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Options Available to Borrowers Facing a Balloon Payment

by John Reichard on Monday, October 2, 2017 10:00 AM

When financing owner-occupied commercial real estate, many small businesses secure long-term financing through their bank.  While their payments are usually based off of a 20-year amortization, the actual term (length) of the loan might be less, resulting in a balloon payment (a larger-than-usual one-time payment at the end of the term of the loan).  Depending on the timing of the balloon payment, this could mean that about 60% of the original loan amount would become due.

When that balloon payment approaches, the company can either refinance with the current lender or seek out another lender to refinance the loan.  But they have another option they could pursue: an SBA 504 loan through SEDA-Council of Governments (SEDA-COG).  Recent changes in the program allow for the opportunity to refinance existing commercial debt.  The advantage of an SBA 504 loan is that it provides a 20-year term and amortization with a fixed-rate for the life of the loan and no balloon payment.

The SBA does have some requirements as to what loans may be refinanced.  The small business must be in operations for at least two years and the debt being refinanced must have been incurred at least two years prior to the SBA application.  The small business must be current on all payments on the loan for the past twelve months.  Finally, substantially all (85% or more) of the loan must have been used to acquire or construct real estate and/or equipment and the loan is currently secured by those assets.  Existing SBA loans or other federally-guaranteed loans cannot be refinanced with a 504 loan nor loans that were made in conjunction with an existing 504 loan.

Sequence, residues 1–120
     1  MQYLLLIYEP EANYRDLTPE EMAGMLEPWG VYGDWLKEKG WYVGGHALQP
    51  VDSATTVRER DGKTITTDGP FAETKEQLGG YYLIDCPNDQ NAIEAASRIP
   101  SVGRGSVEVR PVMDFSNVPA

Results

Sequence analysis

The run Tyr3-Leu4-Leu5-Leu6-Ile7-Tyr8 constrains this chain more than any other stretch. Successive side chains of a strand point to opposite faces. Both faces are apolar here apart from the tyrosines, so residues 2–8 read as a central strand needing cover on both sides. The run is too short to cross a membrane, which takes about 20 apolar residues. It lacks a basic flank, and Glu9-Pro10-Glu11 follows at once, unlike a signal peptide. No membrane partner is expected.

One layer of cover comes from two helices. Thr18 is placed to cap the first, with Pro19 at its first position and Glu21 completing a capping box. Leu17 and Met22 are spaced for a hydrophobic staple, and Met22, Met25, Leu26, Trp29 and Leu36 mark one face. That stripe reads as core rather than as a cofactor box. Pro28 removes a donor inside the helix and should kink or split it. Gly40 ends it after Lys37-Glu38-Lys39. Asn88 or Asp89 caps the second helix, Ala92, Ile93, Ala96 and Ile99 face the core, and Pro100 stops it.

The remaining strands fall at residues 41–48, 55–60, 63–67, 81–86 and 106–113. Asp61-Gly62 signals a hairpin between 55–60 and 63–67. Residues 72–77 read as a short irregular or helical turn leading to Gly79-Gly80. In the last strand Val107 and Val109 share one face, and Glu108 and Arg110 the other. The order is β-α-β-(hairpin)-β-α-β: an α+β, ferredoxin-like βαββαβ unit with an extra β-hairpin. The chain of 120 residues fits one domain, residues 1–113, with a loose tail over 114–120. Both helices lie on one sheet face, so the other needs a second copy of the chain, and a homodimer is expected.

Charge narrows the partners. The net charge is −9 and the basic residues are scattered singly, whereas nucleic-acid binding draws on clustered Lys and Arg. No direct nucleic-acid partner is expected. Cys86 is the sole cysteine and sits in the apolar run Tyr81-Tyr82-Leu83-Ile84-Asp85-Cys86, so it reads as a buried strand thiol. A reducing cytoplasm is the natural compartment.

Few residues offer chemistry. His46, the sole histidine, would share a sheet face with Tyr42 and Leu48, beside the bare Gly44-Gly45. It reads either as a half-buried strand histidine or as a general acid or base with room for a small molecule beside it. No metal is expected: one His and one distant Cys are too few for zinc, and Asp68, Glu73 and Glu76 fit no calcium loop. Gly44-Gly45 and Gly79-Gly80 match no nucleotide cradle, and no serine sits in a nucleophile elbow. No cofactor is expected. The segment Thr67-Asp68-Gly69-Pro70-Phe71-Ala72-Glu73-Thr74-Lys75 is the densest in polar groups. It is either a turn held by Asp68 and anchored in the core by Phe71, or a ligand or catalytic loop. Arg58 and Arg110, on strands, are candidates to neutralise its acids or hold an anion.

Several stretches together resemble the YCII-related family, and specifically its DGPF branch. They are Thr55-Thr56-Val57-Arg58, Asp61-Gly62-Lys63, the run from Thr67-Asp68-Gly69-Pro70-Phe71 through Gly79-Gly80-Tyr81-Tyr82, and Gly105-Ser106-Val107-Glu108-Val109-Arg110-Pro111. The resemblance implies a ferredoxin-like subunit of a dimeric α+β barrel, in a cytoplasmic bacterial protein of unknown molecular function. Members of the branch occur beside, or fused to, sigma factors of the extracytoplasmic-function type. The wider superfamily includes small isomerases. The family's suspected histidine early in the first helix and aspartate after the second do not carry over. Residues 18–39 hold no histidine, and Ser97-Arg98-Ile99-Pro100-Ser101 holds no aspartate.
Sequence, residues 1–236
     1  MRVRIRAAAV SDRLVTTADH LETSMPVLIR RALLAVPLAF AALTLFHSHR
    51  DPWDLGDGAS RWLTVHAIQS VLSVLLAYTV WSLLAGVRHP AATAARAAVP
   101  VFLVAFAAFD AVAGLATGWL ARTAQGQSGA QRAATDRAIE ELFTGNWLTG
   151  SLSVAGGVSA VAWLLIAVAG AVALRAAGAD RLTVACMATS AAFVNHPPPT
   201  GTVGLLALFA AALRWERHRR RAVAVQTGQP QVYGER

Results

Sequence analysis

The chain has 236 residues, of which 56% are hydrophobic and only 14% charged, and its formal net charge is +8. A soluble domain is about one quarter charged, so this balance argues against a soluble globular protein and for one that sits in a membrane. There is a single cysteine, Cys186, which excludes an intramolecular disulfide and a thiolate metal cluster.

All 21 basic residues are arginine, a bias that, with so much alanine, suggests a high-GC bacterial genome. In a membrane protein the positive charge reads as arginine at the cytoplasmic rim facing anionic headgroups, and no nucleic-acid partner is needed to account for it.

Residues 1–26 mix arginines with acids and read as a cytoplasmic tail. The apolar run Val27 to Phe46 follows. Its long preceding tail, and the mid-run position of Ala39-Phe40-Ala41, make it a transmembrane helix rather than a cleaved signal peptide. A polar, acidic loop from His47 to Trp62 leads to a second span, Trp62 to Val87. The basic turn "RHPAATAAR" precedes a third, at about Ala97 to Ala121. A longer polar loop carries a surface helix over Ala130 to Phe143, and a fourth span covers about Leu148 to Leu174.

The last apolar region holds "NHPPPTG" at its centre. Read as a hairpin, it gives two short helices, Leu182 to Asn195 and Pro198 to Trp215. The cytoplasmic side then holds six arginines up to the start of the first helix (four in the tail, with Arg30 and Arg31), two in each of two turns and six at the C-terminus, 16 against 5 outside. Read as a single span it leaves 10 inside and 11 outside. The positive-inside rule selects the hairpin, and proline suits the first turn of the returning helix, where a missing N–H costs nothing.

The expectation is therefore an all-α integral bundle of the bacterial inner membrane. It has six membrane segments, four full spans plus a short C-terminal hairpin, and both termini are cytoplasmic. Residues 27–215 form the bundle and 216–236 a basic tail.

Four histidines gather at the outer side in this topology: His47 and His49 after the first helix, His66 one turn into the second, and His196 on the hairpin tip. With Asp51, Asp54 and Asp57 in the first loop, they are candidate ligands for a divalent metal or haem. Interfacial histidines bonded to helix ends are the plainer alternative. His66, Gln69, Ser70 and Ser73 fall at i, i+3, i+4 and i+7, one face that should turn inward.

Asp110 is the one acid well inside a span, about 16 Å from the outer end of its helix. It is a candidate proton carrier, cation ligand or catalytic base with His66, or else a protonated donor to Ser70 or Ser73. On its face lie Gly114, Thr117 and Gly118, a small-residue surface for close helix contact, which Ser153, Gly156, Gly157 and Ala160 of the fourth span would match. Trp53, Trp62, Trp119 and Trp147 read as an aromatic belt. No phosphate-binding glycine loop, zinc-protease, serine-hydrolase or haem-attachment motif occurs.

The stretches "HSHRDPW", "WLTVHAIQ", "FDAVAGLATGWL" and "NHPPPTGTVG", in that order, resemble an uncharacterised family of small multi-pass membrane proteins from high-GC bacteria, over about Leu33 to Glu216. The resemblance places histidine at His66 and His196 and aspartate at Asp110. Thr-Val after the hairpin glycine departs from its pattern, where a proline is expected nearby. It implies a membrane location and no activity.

In addition to being able to refinance existing debt, the company might also be able to include “cashing out” equity in their real estate (borrowing more than the balance of the current loan based on the appraisal of the real estate) to be used for eligible business expenses (working capital).

Refinancing with a 504 loan can also be done if a small business is expanding.  For example, as part of the financing for a building expansion, the company can include the refinancing of their existing real estate mortgage into the financing.  The benefit of this would be to reduce the overall debt payments for the company and improve cash flow.  The requirements for this type financing structure are similar to stand-alone refinancing.  Two additional requirements include the total amount of debt being refinanced is no more than 50% of the new expansion costs and that the refinancing will provide a substantial benefit to the borrower.  This includes a loan with an upcoming balloon payment.

SEDA-COG partners with lending institutions to provide these loans, which help spread the risk for the bank and makes borrowers’ financing needs more attractive to lenders.  The SBA 504 loan provides up to 40 percent of the financing needed with the bank providing 50 percent.  For refinancing projects, the existing equity in the real estate might be enough to cover the required borrower injection (typically 10 percent).

Eligible small businesses for the SBA 504 loan program include for-profit owner-occupied businesses with a net worth of less than $15 million and less than $5 million in profit after taxes.

For more information about financing projects in Pennsylvania using the SBA 504 program visit www.sedacogldc.org or contact the SEDA-COG Business Finance Department at 570-524-4491 or finance@seda-cog.org.

John Reichard

Information related to the SBA 504 loan program for small businesses.